Not enough time to write about this at length, but this article is awesome: do zombie movies proliferate during republican presidencies? And vampires during democrat reigns? And what does it all mean??

Tuesday, September 13, 2011

All of our enemies are Zombies.

Over on Lousy canuck there's a lively discussion about the morality of demonizing or dehumanizing our ideological opponents. The blog post is about a first person shooter zombie game where you go in and shoot right-wing assholes public figures like Sarah Palin and Fox news people who are now zombies. Lousy Canuck doesn't like this idea, thinking that we need to take the high road when dealing with people who have different viewpoints than us.

I see it, too. In my early-activist-ish days, back in university, some of the people I hung out with liked to call anyone who wasn't "revolutionary" "sheep" or "sheeple". I still see this cute nickname on the internets here and there, the implication that the majority are unthinking morons who need to have someone (like "us") tell them what to do, because otherwise they will never get it. An anti-vaccine person I know recently dismissed the entire medical and scientific community as "sheep" in a conversation I was having. Another queer activist that I was speaking with admitted that he doesn't bother communicating with a certain type of right-wing conservative because they never listen.

In a lot of ways, I get this. It's practical (and I think being practical - doing what works - is a good thing). Convincing one person who is dead set against you is nigh on impossible, takes a lot of resources, energy, skill, and is hardly ever successful. If you're dealing with issues that affect the world, it makes a lot more sense to focus on convincing the people who are sympathetic to your cause. You get more bang for your buck, and maybe, one day, you can reach a critical mass and social osmosis or magic or whatever will turn some of those who were dead set against you into people more sympathetic.

There's nothing wrong with that, but I think where we do go wrong is when we stop thinking of our opponents as people and start to see them as one big, unthinking blob. Zombies, sheep, theists, whatever. I think everyone does this to some degree, it's one of those time-saving patterns that our brains use to make walking around in the world something that is actually do-able. But I think that when we -do- do this sort of thing, we need to be aware of it and challenge it a little, at least for a couple of reasons.

The first is that dehumanizing is a great first step towards discrimination. It's effective, for sure. Look at any major pogrom or genocide in our history: a lot of effort goes into portraying the victim group as less-than-human. My pet theory is that doing this helps alleviate some of the cognitive dissonance involved in killing another human social creatures, there's probably something in our make-up that encourages co-operation with one another, and that hurtle needs to be overcome before we go out and start senselessly bashing our fellow hominids without any real reason. I'm not saying "Republicans as zombies" leads to "kill the Republicans!!!!" but I think it's a part of the complex process that's involved in wiping out an other group of people.

The second is that it isn't true. People -aren't- sheep or zombies or whatever. It's impossible. The differences between us are almost inconsequential when you get down to it. There's some evidence that left-wing and right-wing people have brains that are wired differently, that they process information differently and react differently, but those differences are, in my opinion, beside the point. They're guideposts and clues as to HOW we should communicate, but they don't mean that we should stop communicating. When you dismiss someone as a sheep, you're dismissing the entire complexity that led to making them who they are...and when you dismiss them, you lose out on an opportunity.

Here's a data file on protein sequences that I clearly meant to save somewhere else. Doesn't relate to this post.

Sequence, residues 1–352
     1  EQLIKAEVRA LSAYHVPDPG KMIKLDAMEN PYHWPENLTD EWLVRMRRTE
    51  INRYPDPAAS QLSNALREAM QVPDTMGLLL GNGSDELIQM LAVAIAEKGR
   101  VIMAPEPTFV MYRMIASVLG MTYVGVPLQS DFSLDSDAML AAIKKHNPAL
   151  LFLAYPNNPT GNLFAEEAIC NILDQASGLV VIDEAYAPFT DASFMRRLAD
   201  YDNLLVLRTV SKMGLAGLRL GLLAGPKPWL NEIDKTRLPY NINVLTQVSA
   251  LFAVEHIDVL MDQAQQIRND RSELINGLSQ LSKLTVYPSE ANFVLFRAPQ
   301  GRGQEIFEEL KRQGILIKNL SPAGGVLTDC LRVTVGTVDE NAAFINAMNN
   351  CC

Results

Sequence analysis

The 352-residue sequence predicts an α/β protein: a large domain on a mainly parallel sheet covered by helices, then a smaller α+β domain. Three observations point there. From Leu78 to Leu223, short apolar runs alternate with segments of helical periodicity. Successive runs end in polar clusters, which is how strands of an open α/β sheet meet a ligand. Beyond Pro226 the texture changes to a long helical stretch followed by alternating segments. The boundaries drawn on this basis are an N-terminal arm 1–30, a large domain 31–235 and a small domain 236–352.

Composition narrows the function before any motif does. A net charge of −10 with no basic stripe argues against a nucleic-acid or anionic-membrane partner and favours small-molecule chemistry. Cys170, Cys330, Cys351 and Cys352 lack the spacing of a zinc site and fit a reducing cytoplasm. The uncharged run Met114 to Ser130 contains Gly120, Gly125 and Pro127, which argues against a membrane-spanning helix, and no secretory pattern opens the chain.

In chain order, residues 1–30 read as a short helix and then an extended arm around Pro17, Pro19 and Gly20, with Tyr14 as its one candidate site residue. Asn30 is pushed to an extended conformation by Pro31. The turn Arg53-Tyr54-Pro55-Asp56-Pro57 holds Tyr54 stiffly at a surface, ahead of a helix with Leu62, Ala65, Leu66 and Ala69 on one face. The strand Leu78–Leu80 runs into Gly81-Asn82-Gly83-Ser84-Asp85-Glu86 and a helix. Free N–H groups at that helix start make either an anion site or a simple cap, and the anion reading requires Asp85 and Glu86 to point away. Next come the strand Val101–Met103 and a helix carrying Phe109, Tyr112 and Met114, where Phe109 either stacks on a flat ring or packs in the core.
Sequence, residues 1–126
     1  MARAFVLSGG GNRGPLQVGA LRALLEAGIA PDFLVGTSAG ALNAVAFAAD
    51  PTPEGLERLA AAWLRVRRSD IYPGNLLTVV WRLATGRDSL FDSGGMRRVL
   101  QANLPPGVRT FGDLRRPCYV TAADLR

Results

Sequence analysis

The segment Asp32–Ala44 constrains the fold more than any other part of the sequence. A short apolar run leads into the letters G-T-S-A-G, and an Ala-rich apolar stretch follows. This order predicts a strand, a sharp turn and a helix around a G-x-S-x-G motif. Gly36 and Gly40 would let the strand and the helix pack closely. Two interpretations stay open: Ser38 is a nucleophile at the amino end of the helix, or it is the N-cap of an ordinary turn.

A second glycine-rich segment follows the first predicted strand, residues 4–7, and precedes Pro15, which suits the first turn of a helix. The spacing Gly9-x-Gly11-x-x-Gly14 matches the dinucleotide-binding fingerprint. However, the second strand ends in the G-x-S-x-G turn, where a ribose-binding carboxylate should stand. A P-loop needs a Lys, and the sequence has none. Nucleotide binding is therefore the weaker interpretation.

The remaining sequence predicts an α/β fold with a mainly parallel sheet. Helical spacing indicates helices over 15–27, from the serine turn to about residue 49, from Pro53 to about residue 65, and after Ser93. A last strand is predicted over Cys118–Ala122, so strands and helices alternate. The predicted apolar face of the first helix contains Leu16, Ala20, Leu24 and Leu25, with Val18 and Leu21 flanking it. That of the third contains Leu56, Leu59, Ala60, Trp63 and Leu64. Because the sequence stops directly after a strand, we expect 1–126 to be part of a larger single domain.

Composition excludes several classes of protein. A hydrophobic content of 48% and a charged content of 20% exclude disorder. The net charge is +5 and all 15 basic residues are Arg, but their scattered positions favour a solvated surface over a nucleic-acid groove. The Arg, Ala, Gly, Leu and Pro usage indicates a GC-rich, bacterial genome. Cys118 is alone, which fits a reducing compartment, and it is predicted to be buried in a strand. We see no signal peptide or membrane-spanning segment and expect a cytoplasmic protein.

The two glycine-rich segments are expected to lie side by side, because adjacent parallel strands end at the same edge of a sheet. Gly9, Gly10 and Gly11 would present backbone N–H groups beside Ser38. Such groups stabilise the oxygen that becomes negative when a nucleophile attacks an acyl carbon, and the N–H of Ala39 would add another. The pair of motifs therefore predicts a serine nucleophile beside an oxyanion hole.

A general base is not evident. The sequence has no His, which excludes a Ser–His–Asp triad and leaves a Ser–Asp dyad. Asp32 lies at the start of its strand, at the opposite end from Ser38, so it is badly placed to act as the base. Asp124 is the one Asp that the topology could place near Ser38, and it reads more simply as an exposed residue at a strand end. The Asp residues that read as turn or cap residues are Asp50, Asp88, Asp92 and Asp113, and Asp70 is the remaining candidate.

As tempting as it is to do otherwise, we need to think of our opponents as people, at least once in a while. The reasons why I sit where I do on the political spectrum are many, but one of them is that I appreciate facts. I believe in an actual reality, and I think that if we are to do good, we are best served by acknowledging and acting within the rules we know to be true. If people are not sheep, they aren't zombies, then what do we gain by treating them like they are? At some point the flaws in our model will hurt our cause, especially if we use the model without any sort of reflection or acknowledgement that it is a model. People aren't zombies, they're people, and if we can't get a handle on that, we're just as wrong as "they" are.

Thursday, September 8, 2011

Sexism in a zombie game

There's been a derth of zombie-related stuff here, so here's a link to an article about a sexist name in the video game Dead Island. I don't have much to say, except that, yeah, there's tons of sexism and homophobia in the gaming community, so it's not surprising. I guess it's a good thing that we can see this sort of stuff behind the scenes, and hopefully someone will have learned a valuable lesson.

It does remind me, though, that there's also a considerable amount of sexism in the zombie genre as a whole. From what I can tell, the fandom includes a large amount of people who would feel quite at home at one of those southern militia conclaves where they're all waiting for the end of the world so they can put their weapons stockpiles to good use, and historically these survivalist communities don't always have the greatest track-record when it comes to equality, feminism, dealing with race, etc.

I'm not big, necessarily, on the guns and shooting stuff aspect of zombie fiction (I've never touched a gun myself...wouldn't know how to get one in a zombie apocalypse scenario, and if I did would likely end up harming myself or a loved one before I harmed a zombie), but there's a huge swath of guys (I assume mostly guys) who love to talk about types of guns, shooting things, explosives, blowing stuff up, in relation to the zombies. I'm more about the social dynamics, the body horror, and how even with zombies clawing at the door, it is us humans who are the most dangerous, and we bring with us the seeds of our own destruction. To me, the blowing stuff up, gun-worshipping fandom is missing the point.

To them, though, I'm probably just taking all the fun out of it.

Anyway, this is a reminder to myself that I want to write about a podcast/radio drama called "We're Alive" and it's (possible, I'm only on episode 2) heterosexism and its treatment of gender roles. But that will be later....